Appalachian Basin

Pa. Governor Works with Ohio, W. Va. To Produce More Natural Gas… And with the DRBC to Ban Fracking?

Pennsylvania Gov. Tom Wolf renewed his collaboration with the governors of Ohio and West Virginia to support shale gas development in the Appalachian Basin this week, saying that he’s proud to be a part of ensuring “that we are doing everything we can to support additional development – and the jobs and economic growth that go with it – in a region with an unprecedented natural resource.”

And while he’s right – this collaboration and shale development are creating tremendous opportunities for the Commonwealth – his statements are pretty hypocritical considering he also “proudly” supports a ban on any fracking in Pennsylvania’s Delaware River Basin (DRB).

Gov. Wolf’s support of a DRB fracking ban isn’t new, as it was one of his major campaign promises, but it is simply mystifying that he can acknowledge the “jobs and economic growth” that go with shale development in one part of the state and deny access to these benefits to folks on the wrong side of a water basin line without any rational reason for doing so.

It’s a contradictory position that puts politics ahead of science, as was evident when Gov. Wolf’s representative on the Delaware River Basin Commission (DRBC), Pa. Department of Environmental Protection (DEP) Sec. Patrick McDonnell, recently told Pa. State Senator Lisa Baker (R) that in regard to fracking,

“[W]hat we’ve seen in the studies that we’ve seen are; it has been fine on the [Susquehanna River Basin Commission] side.”

Despite this evidence, Gov. Wolf advised Sec. McDonnell to vote to move forward with draft DRBC regulations that include a ban on fracking in the DRB.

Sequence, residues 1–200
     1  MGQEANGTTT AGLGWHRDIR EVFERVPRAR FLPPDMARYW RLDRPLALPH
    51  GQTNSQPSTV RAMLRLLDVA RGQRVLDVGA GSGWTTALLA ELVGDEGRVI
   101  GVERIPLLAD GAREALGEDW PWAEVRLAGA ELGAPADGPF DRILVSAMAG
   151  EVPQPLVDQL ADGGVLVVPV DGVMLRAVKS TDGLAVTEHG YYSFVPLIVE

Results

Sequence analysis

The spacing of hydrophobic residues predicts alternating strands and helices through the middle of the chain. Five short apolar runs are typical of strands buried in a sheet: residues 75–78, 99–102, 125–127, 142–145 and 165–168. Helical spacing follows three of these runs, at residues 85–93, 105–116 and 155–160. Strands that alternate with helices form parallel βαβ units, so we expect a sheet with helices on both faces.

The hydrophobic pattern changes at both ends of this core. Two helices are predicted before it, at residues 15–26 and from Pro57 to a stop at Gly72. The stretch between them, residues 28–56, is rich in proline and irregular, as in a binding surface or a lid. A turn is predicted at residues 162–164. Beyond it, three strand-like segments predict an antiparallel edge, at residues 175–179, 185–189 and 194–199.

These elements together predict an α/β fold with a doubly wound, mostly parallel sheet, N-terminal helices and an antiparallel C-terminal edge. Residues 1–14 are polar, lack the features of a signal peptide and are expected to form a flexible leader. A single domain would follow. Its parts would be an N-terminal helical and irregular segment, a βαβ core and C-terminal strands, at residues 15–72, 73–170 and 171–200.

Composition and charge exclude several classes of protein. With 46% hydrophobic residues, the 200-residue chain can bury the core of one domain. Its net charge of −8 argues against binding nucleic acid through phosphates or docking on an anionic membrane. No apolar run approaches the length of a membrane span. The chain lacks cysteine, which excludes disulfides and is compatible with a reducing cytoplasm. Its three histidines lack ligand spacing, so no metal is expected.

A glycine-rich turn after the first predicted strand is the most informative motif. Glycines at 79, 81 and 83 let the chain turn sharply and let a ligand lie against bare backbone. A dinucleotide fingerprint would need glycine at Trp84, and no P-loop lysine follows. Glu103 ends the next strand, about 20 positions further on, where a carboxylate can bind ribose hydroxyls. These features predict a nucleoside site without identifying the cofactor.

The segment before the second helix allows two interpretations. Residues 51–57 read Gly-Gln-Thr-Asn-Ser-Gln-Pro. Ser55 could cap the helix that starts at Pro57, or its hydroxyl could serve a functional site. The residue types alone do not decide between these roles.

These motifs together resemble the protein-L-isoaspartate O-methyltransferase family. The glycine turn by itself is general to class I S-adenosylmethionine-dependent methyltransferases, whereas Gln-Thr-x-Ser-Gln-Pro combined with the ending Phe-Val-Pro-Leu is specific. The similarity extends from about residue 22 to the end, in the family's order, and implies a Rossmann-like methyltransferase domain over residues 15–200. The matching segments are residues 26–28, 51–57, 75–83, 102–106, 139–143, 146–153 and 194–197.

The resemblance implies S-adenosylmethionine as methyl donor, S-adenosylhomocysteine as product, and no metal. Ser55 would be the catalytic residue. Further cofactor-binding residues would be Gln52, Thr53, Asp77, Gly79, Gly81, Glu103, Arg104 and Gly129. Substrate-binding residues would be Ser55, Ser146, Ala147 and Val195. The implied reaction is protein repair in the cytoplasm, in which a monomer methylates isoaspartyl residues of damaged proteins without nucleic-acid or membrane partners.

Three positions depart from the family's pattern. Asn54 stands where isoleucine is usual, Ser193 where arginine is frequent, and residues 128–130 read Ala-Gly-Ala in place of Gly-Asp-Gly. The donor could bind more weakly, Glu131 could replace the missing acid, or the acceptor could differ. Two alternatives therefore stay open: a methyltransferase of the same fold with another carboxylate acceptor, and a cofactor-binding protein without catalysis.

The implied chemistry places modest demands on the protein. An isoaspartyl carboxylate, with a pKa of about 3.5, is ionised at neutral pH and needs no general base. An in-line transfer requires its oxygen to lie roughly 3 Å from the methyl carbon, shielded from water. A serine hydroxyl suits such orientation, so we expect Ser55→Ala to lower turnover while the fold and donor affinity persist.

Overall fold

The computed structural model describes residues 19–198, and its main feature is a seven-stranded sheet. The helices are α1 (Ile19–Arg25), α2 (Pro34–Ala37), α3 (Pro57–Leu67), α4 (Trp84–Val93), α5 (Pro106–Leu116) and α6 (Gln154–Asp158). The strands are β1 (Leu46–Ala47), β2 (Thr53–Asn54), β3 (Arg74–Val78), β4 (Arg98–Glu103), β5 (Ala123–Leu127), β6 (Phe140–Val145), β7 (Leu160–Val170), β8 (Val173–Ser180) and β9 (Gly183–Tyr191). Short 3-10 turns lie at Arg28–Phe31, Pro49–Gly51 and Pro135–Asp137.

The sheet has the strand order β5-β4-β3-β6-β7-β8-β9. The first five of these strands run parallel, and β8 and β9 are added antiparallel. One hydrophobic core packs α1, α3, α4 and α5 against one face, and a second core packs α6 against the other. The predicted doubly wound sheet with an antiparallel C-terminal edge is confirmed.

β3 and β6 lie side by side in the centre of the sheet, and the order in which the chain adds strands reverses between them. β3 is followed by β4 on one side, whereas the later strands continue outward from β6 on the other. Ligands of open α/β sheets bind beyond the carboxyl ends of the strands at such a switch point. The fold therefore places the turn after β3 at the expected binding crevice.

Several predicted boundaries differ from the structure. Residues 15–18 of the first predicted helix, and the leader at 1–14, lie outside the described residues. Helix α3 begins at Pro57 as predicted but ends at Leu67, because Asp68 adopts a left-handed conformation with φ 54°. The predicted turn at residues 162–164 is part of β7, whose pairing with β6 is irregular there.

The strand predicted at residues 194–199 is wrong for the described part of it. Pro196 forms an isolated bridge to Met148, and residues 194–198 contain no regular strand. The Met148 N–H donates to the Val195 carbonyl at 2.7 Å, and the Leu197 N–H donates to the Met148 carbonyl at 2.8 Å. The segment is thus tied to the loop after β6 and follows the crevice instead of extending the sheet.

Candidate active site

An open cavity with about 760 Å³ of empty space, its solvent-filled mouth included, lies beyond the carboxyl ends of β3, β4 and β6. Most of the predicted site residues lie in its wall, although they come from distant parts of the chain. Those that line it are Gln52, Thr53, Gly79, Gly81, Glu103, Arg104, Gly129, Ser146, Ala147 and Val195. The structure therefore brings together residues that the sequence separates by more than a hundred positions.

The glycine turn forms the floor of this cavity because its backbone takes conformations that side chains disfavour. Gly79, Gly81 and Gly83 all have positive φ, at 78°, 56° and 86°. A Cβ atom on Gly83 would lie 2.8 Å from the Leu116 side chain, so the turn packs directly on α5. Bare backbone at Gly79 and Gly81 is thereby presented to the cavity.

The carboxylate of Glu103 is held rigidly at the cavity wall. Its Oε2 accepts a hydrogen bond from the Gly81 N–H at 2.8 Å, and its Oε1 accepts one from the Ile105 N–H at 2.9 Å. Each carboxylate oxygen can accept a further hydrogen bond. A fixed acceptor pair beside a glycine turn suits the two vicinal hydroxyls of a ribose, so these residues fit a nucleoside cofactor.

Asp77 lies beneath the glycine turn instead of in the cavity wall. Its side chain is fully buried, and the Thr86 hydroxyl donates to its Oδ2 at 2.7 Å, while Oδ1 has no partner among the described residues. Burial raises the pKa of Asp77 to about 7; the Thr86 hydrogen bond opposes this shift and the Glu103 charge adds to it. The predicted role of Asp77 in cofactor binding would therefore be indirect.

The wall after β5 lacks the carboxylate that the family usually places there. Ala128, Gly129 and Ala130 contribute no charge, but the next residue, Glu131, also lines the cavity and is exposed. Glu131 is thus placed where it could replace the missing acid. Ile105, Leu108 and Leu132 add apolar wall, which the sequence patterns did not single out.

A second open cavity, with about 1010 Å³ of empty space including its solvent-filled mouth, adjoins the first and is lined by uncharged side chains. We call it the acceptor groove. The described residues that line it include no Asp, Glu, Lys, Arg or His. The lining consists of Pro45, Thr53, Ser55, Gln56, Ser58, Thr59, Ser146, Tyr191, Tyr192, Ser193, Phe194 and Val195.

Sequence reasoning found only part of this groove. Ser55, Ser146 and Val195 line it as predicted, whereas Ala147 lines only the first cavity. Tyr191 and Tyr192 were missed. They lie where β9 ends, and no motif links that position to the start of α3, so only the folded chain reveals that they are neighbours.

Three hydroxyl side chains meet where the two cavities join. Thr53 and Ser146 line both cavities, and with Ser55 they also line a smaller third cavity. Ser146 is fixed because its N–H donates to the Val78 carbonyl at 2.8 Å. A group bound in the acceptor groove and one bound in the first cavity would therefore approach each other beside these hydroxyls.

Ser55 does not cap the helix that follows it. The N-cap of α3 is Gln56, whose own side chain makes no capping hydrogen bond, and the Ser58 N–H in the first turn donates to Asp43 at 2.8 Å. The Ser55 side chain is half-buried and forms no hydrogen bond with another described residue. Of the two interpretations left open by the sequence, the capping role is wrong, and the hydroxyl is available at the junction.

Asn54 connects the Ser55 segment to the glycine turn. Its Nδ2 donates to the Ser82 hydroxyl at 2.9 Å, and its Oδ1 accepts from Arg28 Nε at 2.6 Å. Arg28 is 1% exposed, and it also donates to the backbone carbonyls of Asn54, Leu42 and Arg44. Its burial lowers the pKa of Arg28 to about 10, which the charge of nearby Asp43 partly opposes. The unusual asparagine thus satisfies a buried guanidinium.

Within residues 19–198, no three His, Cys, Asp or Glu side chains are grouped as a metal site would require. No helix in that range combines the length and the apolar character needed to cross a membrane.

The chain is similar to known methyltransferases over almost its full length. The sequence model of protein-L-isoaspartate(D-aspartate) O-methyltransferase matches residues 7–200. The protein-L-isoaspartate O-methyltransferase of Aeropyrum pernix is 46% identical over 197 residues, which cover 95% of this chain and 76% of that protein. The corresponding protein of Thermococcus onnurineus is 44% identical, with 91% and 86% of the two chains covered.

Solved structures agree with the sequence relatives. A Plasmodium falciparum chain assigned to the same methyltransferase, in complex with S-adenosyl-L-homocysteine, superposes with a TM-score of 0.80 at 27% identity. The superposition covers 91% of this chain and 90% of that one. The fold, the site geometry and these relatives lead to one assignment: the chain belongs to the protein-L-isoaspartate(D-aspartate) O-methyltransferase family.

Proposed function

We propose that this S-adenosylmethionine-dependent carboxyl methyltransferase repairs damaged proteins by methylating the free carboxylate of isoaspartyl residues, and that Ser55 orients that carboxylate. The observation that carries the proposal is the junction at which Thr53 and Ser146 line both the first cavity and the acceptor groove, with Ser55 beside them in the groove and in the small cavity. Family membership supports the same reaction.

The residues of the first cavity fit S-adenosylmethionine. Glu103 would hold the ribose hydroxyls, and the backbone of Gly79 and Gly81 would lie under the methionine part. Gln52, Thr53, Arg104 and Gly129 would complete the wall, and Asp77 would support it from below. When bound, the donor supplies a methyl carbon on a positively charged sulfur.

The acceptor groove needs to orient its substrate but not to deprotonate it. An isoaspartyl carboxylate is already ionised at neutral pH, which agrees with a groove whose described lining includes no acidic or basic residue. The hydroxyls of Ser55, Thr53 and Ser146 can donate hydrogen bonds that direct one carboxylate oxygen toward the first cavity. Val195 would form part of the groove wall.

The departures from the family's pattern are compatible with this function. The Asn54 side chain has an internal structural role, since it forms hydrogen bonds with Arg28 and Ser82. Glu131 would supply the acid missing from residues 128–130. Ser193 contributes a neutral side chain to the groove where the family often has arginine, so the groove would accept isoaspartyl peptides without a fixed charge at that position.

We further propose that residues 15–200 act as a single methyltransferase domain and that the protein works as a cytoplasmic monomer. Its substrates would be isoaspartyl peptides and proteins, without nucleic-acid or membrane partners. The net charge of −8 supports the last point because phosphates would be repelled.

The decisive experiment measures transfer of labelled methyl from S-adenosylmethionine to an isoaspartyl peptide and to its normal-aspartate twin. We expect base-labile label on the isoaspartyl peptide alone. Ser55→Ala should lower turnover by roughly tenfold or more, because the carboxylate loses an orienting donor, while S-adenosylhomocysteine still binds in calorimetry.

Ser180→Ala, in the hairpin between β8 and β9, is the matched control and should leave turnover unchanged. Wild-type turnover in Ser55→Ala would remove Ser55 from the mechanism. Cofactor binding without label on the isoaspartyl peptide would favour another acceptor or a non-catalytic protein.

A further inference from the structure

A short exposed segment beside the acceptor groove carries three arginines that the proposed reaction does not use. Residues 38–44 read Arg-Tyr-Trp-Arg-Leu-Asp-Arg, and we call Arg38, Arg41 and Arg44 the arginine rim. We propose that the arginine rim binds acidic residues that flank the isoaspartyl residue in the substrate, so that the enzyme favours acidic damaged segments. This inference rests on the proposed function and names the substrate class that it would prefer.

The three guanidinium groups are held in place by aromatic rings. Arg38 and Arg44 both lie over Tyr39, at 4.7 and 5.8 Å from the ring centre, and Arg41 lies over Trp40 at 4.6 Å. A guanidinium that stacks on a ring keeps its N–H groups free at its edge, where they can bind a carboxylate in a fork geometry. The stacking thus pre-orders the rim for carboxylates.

The reality is, as hydrogeologist Blayne Diacont testified at a DRBC hearing earlier this month, “we have the ability to successfully produce clean burning natural gas while also being great stewards of the environment” and that DRBC’s “concerns are grossly overemphasized, misrepresented, and that each one of them can be addressed through appropriate regulation.”

Gov. Wolf’s statements that “[t]he shale gas resources in the Appalachian Basin represent enormous economic opportunity not just for Pennsylvania, but for the region as a whole,” is an admission that he too believes that shale can be safely developed in Pennsylvania in a way that is beneficial for all. And why wouldn’t he, when his own DEP head has acknowledged that is exactly what is occurring in the Susquehanna River Basin.

In light of this, and as the DRBC comment period on its proposed fracking ban comes to a close next week, the question remains: Will Gov. Wolf stick to the science and evidence that his own administration is touting and advise Sec. McDonnell to vote against a ban on natural gas development for nearly half of the state?

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